Also by this author: The Dream Traveler's Quest, Into the Book of Light, The Curse of Shadownman, The Garden and the Serpent, The Final Judgment
Series: The Circle Series #1
Published by Thomas Nelson on February 2004
Genres: Fiction, Christian, Suspense, Fantasy
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In a first installment of a new trilogy, Thomas Hunter narrowly survives a shooting attempt only to awaken in an alternate universe of green forests, a world to which he subsequently travels every time he goes to sleep.
It all began with a single, silenced bullet out of nowhere…And with that sentence my life changed. I don’t make that statement lightly. The Circle Trilogy served as the catalyst that threw me back into the world of fiction. It was because of these three books that I fell in love with Story. A lot of who I am can be traced back to Christmas 2004 (15! Years Ago!) when I unwrapped these three books and spent the next few days glued to the page.
Black, the first installment of The Circle Trilogy, sets the stage for the epic that is to come. Thomas Hunter, on the run from the mob, is shot and wakes up in the Black Forest. He is almost killed by giant black bats before a fuzzy white bat helps lead him out of the forest and across the bridge to the Colored Forest. Thomas is soon plunged deep into a brand new world, a place where Good and Evil are clearly seen, where Evil is contained in the Black Forest and the people of Elyon live without sin or shame in the Colored Forest. It’s Paradise. A new Eden. A future where history seems to be repeating itself. A future that says Thomas’s world was destroyed.
But when Thomas Hunter falls asleep in the Colored Forest, he reawakens back in Denver, dazed, confused, still on the run from the mob. But now he is convinced that his—dreams?—of the other world are real as well, and that he must stop the virus that destroys this world. Then, when he dreams, he must not only acclimate to this new world, but also prevent a cataclysm from happening there as well. The fate of two worlds hangs in the balance of the decisions of one man.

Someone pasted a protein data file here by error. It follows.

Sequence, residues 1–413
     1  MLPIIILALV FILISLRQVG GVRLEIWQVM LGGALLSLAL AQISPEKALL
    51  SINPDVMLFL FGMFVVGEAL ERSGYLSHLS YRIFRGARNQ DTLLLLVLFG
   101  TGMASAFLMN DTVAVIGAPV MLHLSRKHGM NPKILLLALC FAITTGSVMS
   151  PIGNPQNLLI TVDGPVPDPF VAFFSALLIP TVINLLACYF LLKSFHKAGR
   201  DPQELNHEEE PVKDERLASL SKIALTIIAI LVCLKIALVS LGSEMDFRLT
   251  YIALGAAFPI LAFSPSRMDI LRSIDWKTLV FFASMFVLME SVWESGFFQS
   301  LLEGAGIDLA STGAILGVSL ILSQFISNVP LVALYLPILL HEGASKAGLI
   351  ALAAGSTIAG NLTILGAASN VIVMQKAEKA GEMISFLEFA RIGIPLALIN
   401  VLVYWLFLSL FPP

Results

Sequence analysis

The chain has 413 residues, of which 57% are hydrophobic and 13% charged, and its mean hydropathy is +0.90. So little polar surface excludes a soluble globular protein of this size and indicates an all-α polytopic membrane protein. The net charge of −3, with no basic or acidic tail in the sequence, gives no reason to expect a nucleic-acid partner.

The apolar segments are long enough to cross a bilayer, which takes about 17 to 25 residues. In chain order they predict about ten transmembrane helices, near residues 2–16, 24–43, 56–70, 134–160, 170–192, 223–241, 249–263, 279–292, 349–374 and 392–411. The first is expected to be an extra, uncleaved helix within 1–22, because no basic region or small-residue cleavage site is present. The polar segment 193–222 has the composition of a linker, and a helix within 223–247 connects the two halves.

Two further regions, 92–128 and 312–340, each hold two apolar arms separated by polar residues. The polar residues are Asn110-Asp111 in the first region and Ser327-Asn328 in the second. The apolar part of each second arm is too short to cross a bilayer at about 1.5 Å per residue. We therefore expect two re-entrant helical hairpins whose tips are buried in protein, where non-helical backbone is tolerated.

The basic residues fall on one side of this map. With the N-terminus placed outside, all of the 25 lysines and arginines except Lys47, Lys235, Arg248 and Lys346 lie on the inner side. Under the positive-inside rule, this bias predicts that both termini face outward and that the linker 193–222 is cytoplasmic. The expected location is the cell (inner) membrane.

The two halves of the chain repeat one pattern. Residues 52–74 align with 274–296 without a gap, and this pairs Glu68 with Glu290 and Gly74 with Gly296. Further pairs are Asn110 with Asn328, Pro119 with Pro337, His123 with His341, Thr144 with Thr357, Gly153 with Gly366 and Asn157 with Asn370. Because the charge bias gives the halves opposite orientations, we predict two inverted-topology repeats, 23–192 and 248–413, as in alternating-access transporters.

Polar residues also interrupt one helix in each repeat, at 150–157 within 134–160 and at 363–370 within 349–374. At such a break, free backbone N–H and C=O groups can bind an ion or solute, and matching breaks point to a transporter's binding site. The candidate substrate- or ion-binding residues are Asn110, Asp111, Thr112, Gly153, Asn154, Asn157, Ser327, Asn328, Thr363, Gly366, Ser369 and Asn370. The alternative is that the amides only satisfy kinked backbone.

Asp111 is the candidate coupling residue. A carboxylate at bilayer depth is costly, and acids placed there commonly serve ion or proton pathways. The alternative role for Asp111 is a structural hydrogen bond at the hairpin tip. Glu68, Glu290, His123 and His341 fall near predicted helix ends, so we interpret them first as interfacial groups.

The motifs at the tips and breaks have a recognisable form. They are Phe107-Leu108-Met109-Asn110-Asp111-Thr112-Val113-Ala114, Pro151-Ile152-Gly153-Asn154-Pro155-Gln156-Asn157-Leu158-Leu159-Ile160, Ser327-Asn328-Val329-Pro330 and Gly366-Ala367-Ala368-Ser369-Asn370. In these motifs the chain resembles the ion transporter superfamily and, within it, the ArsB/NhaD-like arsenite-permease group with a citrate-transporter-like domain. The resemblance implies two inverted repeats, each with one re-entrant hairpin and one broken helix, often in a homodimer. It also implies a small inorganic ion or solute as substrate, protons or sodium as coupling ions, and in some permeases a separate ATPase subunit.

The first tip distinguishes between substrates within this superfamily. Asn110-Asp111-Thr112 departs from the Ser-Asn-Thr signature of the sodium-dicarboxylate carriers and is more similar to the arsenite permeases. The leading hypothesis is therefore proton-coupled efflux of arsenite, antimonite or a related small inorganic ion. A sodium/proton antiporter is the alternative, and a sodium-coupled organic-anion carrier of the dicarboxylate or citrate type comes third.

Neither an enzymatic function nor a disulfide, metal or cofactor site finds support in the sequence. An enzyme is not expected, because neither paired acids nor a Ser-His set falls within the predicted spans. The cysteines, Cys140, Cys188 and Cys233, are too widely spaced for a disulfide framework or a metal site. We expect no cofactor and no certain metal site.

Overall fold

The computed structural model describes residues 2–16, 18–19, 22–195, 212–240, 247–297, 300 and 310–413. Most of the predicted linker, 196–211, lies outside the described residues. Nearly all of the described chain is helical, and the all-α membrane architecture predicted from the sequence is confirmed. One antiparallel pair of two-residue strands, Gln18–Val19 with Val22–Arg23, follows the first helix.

In one world, an apocalyptic scenario threatens to destroy the world; in another, an even more apocalyptic scenario threatens to undo Paradise and unleash evil. Redemptive history is played out before the reader’s eyes as Black details the birth of Evil on Other Earth. Dekker’s scope is magnificent and his allegory flawless as he builds his mythos.
Dekker takes the old, old Story and paints it in a brand new light, helping readers see past the clichéd thoughts of what we think we know about God and discovering Him again in a whole new way. His portrayal of the God-figure, Elyon, is beautiful and enchanting, breaking down the image of God as a relatively uninterested bearded grandfather figure and replacing it with a God who is excited for His creation and loves it dearly.
Black is marvelous, but it’s only the beginning, the first part of Dekker’s retelling of redemptive history. It’s really only the first part of the story. Which is why you’ll have Red sitting by your side when you finish. You’ll not even want or need a breath above before diving deep into the mythos Dekker has created.